I hadn’t intended to write yet another article weighing the pros and cons of tying all social networks together to distribute the same information to different channels, but after reading MediaBistro’s article on the why it’s better not to update networks via auto-feeds, I realize this is still a topic that needs to be addressed. If you are serious about social marketing, you have the Twitter feed, the Facebook fan page, and probably now the Google Buzz attached to your GMail. A click of the mouse will integrate each with the others, plus you can add all three RSS feeds into your FriendFeed account for added exposure.
As the Media Bistro article intimates, however, somebody who keeps track of you via all social outlets may tire of seeing the same information everywhere he goes. Of course, one must consider that one’s Twitter readership may sorely outnumber the Facebook, or vice versa, and therefore an important tidbit shared in one place could be missed by the larger audience.
Are auto-feeds worth the risk of losing readership, especially if one estimates a person willing to track all of your social profiles is apt to patronize your business? Do you risk less conversion, or even neglect of a particular profile, if you pull the system apart?
Adding Variety to Your Social Marketing
It’s said in advertising that a consumer usually sees a product or service 5-7 times before making a decision to buy. So it is with eCommerce, where people bounce off and on a site for days while they discern if the company is worth their spending dollar. As I peruse Twitter, I find it’s not uncommon to see the same tweets recycled by certain account every several days. In theory it is probably a good practice, as I find the Twitter clients I use don’t necessarily catch every post added to my follow feed. When marketing to especially busy people, too, it never hurts to send reminders.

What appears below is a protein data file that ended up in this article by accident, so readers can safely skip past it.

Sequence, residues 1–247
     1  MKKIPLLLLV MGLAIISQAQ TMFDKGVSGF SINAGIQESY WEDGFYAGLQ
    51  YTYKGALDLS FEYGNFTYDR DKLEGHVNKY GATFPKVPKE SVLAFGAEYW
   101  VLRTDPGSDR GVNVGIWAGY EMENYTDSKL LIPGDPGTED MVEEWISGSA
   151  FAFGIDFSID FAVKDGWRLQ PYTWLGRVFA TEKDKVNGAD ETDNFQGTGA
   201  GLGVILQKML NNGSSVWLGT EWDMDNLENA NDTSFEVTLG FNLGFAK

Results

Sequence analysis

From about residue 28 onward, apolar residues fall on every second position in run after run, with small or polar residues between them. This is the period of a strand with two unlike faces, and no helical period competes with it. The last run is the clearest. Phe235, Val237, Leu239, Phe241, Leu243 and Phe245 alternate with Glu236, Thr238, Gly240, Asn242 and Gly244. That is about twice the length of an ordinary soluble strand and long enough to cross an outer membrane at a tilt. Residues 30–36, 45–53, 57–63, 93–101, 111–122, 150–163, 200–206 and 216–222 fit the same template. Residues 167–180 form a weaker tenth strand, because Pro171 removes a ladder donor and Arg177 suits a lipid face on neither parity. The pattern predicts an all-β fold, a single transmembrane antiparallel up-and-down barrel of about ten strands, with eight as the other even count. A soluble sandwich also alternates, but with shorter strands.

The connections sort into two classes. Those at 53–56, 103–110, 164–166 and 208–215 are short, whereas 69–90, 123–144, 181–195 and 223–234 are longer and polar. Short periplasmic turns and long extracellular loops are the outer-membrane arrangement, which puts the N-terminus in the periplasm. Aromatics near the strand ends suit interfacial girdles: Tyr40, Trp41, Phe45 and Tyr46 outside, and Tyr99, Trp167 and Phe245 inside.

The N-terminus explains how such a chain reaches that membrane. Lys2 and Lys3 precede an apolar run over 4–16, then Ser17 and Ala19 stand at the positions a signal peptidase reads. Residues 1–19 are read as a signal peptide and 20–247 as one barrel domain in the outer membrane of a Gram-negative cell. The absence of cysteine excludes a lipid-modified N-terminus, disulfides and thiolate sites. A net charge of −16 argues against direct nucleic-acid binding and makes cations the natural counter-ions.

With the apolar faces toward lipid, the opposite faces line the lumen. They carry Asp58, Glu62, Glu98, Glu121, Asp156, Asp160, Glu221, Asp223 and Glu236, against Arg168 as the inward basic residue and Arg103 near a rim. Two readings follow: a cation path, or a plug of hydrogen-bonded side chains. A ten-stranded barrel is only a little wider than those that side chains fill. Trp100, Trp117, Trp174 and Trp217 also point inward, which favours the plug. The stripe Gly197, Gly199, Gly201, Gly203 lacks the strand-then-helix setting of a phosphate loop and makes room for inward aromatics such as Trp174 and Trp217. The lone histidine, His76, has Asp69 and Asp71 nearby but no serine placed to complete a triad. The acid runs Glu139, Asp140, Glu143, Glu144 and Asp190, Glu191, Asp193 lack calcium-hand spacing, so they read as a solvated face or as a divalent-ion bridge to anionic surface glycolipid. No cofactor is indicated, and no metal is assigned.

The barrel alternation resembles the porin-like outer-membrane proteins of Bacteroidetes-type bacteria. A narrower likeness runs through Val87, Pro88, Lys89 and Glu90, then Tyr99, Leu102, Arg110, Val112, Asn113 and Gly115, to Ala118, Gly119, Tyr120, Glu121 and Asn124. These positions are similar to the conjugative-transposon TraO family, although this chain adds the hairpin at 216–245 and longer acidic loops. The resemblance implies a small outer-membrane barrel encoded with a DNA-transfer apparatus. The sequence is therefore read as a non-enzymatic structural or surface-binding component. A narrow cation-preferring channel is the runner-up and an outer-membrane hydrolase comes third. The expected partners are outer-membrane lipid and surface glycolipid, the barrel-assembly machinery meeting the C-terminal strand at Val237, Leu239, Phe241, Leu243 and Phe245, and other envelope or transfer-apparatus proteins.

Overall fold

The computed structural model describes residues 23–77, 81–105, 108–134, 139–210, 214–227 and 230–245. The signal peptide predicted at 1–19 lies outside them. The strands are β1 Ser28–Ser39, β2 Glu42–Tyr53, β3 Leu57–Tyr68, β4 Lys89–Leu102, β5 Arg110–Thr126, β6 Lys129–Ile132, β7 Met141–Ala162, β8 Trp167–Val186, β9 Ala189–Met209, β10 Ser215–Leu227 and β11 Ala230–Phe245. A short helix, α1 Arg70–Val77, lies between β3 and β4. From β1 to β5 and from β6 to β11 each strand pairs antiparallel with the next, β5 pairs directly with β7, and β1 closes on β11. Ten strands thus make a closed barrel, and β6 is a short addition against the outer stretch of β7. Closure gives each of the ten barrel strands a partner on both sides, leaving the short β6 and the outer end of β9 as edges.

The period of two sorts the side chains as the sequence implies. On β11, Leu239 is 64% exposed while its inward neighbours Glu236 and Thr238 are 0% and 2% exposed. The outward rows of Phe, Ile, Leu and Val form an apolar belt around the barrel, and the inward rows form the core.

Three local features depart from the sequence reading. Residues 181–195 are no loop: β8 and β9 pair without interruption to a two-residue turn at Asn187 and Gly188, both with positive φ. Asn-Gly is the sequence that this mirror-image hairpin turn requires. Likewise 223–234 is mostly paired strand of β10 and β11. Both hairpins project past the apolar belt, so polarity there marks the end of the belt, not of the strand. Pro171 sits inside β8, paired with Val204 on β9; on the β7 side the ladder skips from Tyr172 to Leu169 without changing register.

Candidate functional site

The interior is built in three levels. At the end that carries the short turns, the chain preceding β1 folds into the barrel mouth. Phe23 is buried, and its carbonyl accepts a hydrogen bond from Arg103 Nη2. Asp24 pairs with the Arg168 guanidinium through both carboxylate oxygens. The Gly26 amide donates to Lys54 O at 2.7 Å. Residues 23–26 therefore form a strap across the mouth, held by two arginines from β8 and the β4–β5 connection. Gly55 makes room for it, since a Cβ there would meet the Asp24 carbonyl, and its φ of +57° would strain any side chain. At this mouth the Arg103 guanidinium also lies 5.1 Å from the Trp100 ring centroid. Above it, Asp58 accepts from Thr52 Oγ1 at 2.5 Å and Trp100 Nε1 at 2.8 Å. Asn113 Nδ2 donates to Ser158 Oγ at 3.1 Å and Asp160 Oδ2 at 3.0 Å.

If you are concerned about alienating current and potential fans, there are methods to market that can help retain your sanity without forcing you to log into every single profile you own to make updates. As you map out your strategy, you have the opportunity to present the variety multi-account followers crave without skimping on information that needs to be widely broadcast.
Limit what social networks are connected: rather than link your Twitter to everything, choose what feeds into it. If you want to emphasize your presence on Facebook more, connect those two and leave your blog/RSS free. For times you want to really promote a blog post, do occasional manual Twitter udpates.
Make use of widgets: Rather than blast the same information to all networks, create a home base for visitors to check all of your profiles. Set up your blog sidebar with various widgets for Twitter, Facebook, YouTube, etc. As you attract readers, you can keep them on longer with the different information you provide there.
Use different profiles to emphasize different aspects of your business: For the multi-faceted company, experiment by assigning different branches of the business their own social network. Build a focus that attracts visitors and gradually promote your other interests through occasional cross-promotion.
Connecting all of your profiles provides ease of use, but only you can determine its effectiveness. Don’t be afraid to unlink chains on occasion to test analytics, and watch activity across the board to see what visitors prefer.